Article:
That Was Ugly
With a large sigh of relief, we watched January fade to black. The US equity markets were down over 3% in the month.[i]
Underlying their decline is some telling data that should come as no surprise to investors.
First, S&P 500 corporate earnings growth expectations were about 1.7%.[ii] Very meager compared to the 8.8% estimate back in early October.[iii] According to FactSet, 227 of the S&P 500 companies have reported earnings growth of 2.1% and revenue growth of 1.4%. 80% of companies reported earnings above estimates and 58% reported revenue above estimates. It's a bit of a split decision relative to the averages.[iv]
Unfortunately, Apple accounted for about 50% of the S&P 500’s earnings growth rate, as evidenced by the chart below. If Apple had reported actual EPS that matched the mean EPS estimate, instead of its 17.5% earnings beat, the S&P 500’s earnings growth rate would be 1.1% rather than 2.1%.[v]
Not surprisingly, and as noted in our past blog and look ahead, we also encountered some slowing in growth for the US economy. US GDP grew at a much reduced pace in the 4th quarter than Q3 2014.[vi]
The predictable components of the GDP numbers were the very strong consumer spending numbers, while the big drag was in the trade balance (exports-imports).[vii,viii]
As we have discussed, the blistering strong dollar has created some headwinds for large companies and simultaneously created some very cheap overseas goods for US consumers to devour. For example, Proctor and Gamble shaved off 5% of its revenue and 14% of its core earnings per share due to the dollar’s strength.[ix]
As we opined in our Quarterly Look Ahead, the US Consumer can hold up the world for a while and perhaps emerging markets can sort themselves out in the meantime. I put it at a couple of quarters before we see some consumer headwinds.
Eyeballs on the Target
Here is what we are looking at very closely as the strong dollar, trade deficit, disinflationary expansion cycle unfolds:
- Catalysts that can impact the dollar.
- Continued sanguine US corporate earnings.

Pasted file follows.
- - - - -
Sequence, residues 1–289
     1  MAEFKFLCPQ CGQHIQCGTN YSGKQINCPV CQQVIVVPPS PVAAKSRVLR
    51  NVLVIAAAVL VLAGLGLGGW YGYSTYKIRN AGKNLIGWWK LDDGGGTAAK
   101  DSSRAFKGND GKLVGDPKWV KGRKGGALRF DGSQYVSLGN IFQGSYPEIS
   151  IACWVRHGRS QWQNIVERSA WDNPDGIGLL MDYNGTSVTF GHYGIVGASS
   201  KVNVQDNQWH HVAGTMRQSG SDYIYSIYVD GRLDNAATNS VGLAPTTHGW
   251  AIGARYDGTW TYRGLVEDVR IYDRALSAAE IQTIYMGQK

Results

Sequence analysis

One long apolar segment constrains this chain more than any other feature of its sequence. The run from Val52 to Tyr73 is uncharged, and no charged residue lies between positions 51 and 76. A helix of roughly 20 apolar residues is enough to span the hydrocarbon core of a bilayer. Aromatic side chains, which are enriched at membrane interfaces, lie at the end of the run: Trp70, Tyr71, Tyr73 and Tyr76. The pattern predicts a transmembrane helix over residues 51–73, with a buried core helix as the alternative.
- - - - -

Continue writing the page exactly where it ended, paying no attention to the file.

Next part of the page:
- Foreign treasury rates (10-year) as a directional indicator of US Treasuries.
- Consumer spending habits in light of the low gasoline price windfall.
What we will likely experience in this phase of the cycle is much more volatility and perhaps a full-fledged correction if earnings limp along at a below estimate pace.
Hang on because your resolve will be tested and hopefully your conviction in your plan will not weaken. Remember, you need some degree of risk to generate returns. Let’s just make sure it's the right level of risk. That's why your advisor is here for you.
If you have questions or comments, please let us know as we always appreciate your feedback. You can get in touch with us via Twitter, Facebook, or you can email me directly. For additional information on this, please visit our website.
Tim Phillips, CEO – Phillips & Company
Jeff Paul, Senior Investment Analyst – Phillips & Company
[i] Google Finance. (Feb 2, 2015). S&P 500 chart.
[ii] Butters, J. (Jan 30, 2015). Earnings Insight. FactSet. p 1.
[iii] Butters, J. (Oct 3, 2014). Earnings Insight. FactSet. p 8.
[iv] Butters, J. (Jan 30, 2015). Earnings Insight. FactSet. p 4-5.
[v] Ibid. p 2.
[vi] TradingEconomics. (Feb 2, 2015). United States GDP Growth Rate.
[vii] TradingEconomics. (Feb 2, 2015). United States Balance of Trade.
[viii] Hoyt, S. (Jan 30, 2015). United States: GDP. Moody’s Analytics.
[ix] SeekingAlpha.com. (Jan 27, 2014). Procter & Gamble’s Q4 2014 Results – Earnings Call Transcript.